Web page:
“It’s a man sitting in a chair” When looking in retrospect, it’s always nice to know that you made the right decision. While at the Toronto International Film festival this year, my friend and I had a conflict of movies with Up in the Air and The Men Who Stare at Goats. Both stared George Clooney, but only the one had any trailers and/or marketing push at the time. We picked the Reitman film in the end—and it was one of the best movies we saw at the fest—figuring to…

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TIFF09 RECAP: Connecting to Your World … and mine

Every year at the Toronto International Film Festival seems to get better and better. Is that due to the increase in films from six to eleven to fifteen? It very well might be. And I’ll just say now, watching fifteen films in less than four days may not be the healthiest thing in the world. Between the vendor sausage/chicken dogs/nitrates on a bun being easily accessible and a standard meal when going from one film to the next with barely enough time to catch your breath and the sheer fact…

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TIFF09 REVIEW: Up in the Air [2009]

“I’m like my mother, I stereotype—it’s faster” I’ll get it out right now: I have a soft spot for director Jason Reitman. I felt his debut Thank You for Smoking lived up to expectations and his sophomore effort Juno was my first ever screening at the Toronto International Film Festival, allowing me to experience something fresh and unique before becoming a breakout phenomenon. So, on the basis of nostalgia, as well as talent, my friend and I had to see if he could finish out the hat trick with Up…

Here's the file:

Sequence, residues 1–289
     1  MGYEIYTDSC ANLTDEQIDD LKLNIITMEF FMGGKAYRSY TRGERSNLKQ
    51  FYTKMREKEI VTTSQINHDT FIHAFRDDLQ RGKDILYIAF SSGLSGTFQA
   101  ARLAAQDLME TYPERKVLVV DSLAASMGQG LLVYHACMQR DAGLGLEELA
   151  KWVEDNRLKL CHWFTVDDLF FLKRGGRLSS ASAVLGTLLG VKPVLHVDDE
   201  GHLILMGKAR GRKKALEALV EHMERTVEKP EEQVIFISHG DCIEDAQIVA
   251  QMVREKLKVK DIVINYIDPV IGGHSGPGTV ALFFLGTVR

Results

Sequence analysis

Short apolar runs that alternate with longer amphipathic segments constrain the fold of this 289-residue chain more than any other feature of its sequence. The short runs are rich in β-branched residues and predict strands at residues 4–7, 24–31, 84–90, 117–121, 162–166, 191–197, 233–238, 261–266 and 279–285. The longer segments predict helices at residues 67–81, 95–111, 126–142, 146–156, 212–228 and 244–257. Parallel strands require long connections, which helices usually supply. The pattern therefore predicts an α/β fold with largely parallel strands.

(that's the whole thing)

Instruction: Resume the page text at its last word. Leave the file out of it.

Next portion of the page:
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TIFF09 PREVIEW: For the Love of Film indeed …

September 10th is the day that friend/co-worker Chris Schobert and I head back up north for our third year at the Toronto International Film Festival (TIFF). We’ve done the middle three days (2007) and the last three days (2008), so we thought, “What the hell?”, let’s try our luck with the opening four. Rolling out of bed, speeding down the QEW, and landing at the box office hours before our first film wouldn’t quite be effective for this year’s journey, however. Being in TO for FaneXpo last weekend meant we…